The Capitol remains on heavy lockdown ahead of the inauguration of Joe Biden as president on Wednesday
A young woman identified as having taken part in the storming of the US Capitol reportedly stole a laptop from top Democrat Nancy Pelosi's office and hoped to sell it to a Russian spy agency, according to an FBI criminal complaint.
The complaint, filed on late Sunday in a US District Court in Washington, seeks the arrest of Riley June Williams of Pennsylvania on grounds including "violent entry and disorderly conduct on Capitol grounds."
The Washington Post reported on Monday night that federal authorities said they had arrested Williams, but the report included few details.
Relying on several photos and videos of the chaotic January 6 intrusion, an FBI agent said Williams was seen near the office of House speaker Nancy Pelosi.
A witness, identified in the court document only as W1 but who claimed to be "the former romantic partner of Riley June Williams," alleged that Williams planned to send the laptop to a friend in Russia to sell it to the SVR foreign intelligence agency.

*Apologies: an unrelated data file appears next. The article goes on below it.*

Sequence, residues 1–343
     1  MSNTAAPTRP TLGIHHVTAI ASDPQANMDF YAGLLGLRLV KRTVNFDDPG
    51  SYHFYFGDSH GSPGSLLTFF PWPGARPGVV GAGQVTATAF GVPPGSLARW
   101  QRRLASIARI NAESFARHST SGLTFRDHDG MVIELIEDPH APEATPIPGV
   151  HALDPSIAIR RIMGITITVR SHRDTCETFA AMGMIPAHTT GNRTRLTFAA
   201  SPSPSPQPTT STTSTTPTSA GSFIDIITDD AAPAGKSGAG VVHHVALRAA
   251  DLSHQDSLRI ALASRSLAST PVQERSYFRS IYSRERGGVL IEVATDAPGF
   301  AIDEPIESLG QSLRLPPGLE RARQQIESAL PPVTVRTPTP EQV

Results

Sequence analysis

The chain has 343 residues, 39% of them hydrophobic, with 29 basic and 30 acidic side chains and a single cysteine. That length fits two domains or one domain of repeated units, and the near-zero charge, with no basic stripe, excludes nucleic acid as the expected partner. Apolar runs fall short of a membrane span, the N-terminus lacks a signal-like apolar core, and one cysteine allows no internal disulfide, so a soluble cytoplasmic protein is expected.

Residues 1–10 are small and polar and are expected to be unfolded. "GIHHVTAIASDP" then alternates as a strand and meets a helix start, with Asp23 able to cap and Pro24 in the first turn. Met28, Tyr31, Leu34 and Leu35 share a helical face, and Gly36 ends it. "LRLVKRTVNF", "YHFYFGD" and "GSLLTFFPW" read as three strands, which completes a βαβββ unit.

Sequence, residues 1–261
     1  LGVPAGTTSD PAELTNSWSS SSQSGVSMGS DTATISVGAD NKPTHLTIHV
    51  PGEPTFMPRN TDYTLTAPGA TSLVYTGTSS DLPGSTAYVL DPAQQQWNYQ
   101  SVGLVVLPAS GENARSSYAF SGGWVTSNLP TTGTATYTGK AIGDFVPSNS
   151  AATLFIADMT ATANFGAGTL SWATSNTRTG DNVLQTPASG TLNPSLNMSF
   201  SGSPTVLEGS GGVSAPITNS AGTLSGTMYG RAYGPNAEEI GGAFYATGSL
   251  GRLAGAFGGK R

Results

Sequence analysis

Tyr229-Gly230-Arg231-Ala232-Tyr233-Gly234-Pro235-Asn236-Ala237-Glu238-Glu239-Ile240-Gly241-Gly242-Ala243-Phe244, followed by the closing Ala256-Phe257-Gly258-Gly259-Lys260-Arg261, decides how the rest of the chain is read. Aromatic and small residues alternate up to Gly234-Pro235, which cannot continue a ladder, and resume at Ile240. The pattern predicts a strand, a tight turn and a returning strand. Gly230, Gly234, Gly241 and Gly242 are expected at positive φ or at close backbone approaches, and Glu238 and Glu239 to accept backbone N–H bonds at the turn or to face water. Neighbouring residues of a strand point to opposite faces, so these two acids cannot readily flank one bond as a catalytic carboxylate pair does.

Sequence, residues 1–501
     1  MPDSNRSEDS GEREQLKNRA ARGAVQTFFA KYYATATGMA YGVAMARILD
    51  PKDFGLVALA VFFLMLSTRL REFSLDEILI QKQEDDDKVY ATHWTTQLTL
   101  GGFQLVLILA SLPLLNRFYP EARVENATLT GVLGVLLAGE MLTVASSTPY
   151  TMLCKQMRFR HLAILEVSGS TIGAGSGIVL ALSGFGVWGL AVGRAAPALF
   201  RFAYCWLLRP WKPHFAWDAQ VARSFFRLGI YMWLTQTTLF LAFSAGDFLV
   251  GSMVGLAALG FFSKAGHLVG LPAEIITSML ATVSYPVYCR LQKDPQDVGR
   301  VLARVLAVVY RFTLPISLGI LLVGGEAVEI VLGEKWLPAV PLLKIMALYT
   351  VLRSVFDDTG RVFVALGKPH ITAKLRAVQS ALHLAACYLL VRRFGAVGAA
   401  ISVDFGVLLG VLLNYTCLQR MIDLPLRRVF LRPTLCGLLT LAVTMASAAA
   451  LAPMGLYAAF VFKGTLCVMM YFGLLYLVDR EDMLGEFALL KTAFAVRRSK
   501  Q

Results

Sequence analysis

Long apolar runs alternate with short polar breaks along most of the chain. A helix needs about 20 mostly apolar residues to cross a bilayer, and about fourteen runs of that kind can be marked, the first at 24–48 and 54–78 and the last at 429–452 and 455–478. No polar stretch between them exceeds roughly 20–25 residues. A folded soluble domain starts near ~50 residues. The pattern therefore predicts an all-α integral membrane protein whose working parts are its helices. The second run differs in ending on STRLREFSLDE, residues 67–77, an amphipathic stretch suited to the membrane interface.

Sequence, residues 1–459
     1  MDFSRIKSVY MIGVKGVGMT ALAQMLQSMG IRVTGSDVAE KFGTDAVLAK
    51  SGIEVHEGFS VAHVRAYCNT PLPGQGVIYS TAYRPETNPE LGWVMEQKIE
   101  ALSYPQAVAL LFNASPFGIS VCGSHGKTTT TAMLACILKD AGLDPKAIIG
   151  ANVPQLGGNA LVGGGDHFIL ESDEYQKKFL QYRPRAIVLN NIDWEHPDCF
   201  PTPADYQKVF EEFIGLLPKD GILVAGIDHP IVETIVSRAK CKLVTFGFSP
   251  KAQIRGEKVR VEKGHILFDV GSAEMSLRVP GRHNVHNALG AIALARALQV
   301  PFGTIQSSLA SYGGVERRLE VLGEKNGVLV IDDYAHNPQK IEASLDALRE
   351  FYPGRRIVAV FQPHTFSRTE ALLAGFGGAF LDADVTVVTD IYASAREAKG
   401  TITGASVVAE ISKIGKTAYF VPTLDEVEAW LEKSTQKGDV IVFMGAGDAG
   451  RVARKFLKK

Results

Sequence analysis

That sale "fell through for unknown reasons, and Williams still has the computer device or destroyed it," the affidavit says.
It was unclear whether a laptop from Pelosi's office was actually stolen. The FBI said it was continuing to investigate.
Several videos show the woman believed to be Williams actively directing fellow rioters, urging them "upstairs, upstairs, upstairs."
The complaint says Williams' mother in the city of Harrisburg was shown pictures taken in the Capitol and confirmed a thin, bespectacled brown-haired woman in several pictures was her.
She said her daughter had "taken a sudden interest in President Trump's politics."
Williams had travelled to Washington with her father, though the two were separated during the chaos that day.
The complaint says that after Williams returned home, she packed a bag and told her mother she was leaving "for a couple of weeks."
Scores of those who forced their way into the Capitol have been identified and arrested, usually with the help of photos and videos posted on social media.
The Capitol remains on heavy lockdown ahead of the inauguration of Joe Biden as president on Wednesday -- an event the rioters had hoped to prevent.